1/2 cup (120 ml) extra-virgin olive oil
3 oz (85 g) pancetta or prosciutto, finely chopped
2-1/4 lb (1 kg) ground beef brisket
1 yellow onion, cut into medium dice
2 garlic cloves, thinly sliced
2 bay leaves
1/2 tsp red pepper flakes
1/2 cup (140 g) tomato paste
3/4 cup (180 ml) red wine
2-1/2 qt (2.7 L) chicken stock, plus more as needed
Kosher salt and freshly ground black pepper
Unsalted butter for serving
Dumplings of your choice (as above), just cooked
Grated Parmigiano-Reggiano for cheese for serving

In a large pot, warm the olive oil over medium heat. Add the pancetta and beef brisket and cook, stirring occasionally, until the meat is cooked and browned bits stick to the bottom of the pot, 8 to 10 minutes. If the drippings on the bottom of the pot become too dark or look like they will burn, lower the heat.

With a slotted spoon, transfer the meat to a bowl, leaving about 3 Tbsp fat in the pat and discarding any excess. Add the onion, garlic, bay leaves, and red pepper flakes and sauté over medium heat until the onion is translucent but not brown, about 4 minutes. The moisture from the onion will help deglaze the pan (dislodge the browned bits).

Add the tomato paste and cook until the tomato caramelizes (it will begin to stick to the bottom of the pan and turn dark red), 4 to 6 minutes. If the tomato paste gets too dark, lower the heat. Add the wine, raise the heat to medium-high, and bring to a simmer. Use a wooden spoon to scrape up the browned bits from the bottom of the pot and simmer until the wine has almost completely evaporated, 5 to 7 minutes.

Add the chicken stock and bring to a gentle simmer. Return the meat to the pot, turn the heat to medium-low, and simmer gently – the liquid should bubble lazily – until the meat has become tender and the sauce has gradually reduced and become rich. Be patient; this will take about 3 hours. Be careful not to let the sauce boil. If the sauce becomes too thick, add up to 1/2 cup (120 ml) additional chicken stock. Season lightly with salt and pepper and discard the bay leaves.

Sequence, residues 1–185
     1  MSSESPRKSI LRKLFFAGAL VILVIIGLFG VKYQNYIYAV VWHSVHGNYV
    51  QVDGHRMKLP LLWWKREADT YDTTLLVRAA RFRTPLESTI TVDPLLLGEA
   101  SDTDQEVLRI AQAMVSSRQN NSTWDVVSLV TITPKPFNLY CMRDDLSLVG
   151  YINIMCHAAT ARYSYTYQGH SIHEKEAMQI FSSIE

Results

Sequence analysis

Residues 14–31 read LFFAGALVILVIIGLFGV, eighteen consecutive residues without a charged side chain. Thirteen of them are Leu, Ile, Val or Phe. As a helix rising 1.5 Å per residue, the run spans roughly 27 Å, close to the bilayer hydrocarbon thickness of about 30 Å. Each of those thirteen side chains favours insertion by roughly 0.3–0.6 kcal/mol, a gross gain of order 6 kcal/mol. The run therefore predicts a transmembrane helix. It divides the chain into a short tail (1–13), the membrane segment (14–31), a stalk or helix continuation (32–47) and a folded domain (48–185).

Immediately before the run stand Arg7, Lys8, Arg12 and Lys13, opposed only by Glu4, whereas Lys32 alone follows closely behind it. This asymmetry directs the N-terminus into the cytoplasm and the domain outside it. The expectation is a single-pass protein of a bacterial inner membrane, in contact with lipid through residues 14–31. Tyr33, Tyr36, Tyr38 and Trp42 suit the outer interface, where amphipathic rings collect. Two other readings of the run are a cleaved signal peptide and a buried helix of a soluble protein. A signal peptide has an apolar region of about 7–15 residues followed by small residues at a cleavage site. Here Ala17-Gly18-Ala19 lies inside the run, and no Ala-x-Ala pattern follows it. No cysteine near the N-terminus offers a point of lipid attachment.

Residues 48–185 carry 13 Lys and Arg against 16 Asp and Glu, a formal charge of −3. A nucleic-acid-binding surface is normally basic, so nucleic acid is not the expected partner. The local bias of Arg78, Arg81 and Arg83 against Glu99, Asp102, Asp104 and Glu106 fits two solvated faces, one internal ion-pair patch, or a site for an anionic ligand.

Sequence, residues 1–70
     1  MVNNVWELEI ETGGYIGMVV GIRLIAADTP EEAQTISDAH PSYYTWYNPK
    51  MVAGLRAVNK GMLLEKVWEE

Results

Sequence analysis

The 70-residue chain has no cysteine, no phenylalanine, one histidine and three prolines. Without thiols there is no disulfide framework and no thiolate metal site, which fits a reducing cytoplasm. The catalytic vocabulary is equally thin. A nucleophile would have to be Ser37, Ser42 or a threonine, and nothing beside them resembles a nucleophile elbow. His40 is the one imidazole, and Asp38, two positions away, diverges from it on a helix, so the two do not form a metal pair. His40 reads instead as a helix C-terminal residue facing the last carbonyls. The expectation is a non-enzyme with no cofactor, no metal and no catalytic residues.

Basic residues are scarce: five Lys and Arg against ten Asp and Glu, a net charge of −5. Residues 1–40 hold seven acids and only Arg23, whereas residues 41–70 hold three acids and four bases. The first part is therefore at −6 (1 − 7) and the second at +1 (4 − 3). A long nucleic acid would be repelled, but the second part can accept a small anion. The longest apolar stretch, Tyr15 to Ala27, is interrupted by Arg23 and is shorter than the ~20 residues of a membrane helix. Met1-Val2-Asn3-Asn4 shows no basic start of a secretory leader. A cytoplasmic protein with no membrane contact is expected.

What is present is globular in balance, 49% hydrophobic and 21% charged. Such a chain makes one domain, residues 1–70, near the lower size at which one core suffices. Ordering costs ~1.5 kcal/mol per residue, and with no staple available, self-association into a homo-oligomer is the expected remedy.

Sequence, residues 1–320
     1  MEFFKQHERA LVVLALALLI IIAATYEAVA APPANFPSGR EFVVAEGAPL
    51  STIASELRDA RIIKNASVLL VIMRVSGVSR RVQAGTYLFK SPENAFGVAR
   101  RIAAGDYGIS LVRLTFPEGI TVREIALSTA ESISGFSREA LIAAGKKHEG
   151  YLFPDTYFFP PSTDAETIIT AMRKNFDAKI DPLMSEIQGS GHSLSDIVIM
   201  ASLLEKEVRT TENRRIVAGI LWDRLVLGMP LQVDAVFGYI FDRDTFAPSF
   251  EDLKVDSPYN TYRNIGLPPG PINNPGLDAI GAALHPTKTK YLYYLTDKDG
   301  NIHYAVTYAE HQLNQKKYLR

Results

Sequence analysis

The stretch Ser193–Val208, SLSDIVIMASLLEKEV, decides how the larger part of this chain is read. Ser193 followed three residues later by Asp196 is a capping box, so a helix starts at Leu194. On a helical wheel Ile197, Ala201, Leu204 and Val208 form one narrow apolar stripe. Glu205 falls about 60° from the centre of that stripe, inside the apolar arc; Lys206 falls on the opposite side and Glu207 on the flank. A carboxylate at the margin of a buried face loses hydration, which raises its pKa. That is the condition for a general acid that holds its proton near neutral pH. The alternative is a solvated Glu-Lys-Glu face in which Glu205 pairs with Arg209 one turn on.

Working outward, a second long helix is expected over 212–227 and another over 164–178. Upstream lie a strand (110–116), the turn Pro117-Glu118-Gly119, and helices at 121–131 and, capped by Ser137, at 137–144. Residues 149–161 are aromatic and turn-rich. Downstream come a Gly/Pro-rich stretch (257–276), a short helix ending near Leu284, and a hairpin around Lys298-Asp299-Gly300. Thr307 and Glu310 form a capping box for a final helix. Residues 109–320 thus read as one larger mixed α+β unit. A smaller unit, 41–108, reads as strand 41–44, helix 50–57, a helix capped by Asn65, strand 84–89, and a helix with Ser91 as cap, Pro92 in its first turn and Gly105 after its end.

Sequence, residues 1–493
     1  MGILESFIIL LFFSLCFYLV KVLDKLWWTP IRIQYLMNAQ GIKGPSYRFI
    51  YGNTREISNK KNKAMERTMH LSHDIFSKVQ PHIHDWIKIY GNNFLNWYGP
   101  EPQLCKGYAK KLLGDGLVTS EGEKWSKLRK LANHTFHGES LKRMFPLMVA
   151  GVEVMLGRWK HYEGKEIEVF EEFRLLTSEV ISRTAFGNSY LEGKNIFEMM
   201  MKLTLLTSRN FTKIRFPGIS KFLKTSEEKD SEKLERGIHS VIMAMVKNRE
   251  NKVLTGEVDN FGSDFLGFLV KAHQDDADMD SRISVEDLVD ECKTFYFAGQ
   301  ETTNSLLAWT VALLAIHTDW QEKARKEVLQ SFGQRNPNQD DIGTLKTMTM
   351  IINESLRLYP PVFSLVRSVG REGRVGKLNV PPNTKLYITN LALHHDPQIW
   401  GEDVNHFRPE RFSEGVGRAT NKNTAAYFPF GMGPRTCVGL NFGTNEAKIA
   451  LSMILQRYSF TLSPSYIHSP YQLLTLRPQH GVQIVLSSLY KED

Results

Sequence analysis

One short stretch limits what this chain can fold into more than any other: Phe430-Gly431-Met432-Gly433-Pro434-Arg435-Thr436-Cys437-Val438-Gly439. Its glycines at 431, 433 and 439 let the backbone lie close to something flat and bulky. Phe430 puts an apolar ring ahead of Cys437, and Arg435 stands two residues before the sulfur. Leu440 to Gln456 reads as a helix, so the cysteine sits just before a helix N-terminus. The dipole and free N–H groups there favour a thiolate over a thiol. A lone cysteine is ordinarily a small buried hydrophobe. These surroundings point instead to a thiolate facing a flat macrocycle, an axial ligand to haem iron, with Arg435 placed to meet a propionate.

(To store, transfer to an airtight container and refrigerate for up to 2 days, or freeze for up to 1 month. To thaw, place in the refrigerator overnight or until fully thawed.)

To finish dumplings with the ragù, for each serving, warm about 1/2 cup (120 ml) of ragù in a sauté pan over medium heat and add 1-1/2 tsp to 1 Tbsp butter per serving, depending on how naughty you feel. Gently simmer about 4 minutes, until the bubbles get large and the sauce is not watery along the edges of the pan. Add the cooked dumplings and simmer for 1 minute to let the dumplings absorb the flavor of the sauce. Top with grated Parmigiano-Reggiano cheese and season with salt and pepper. Serve right away.



Dough in Mixer

Rolling Pasta Ropes

Cutting Pieces

Rolling Cavatelli

Cavatelli on Pan


Searing Brisket

Sauteeing Aromatics

Building the Sauce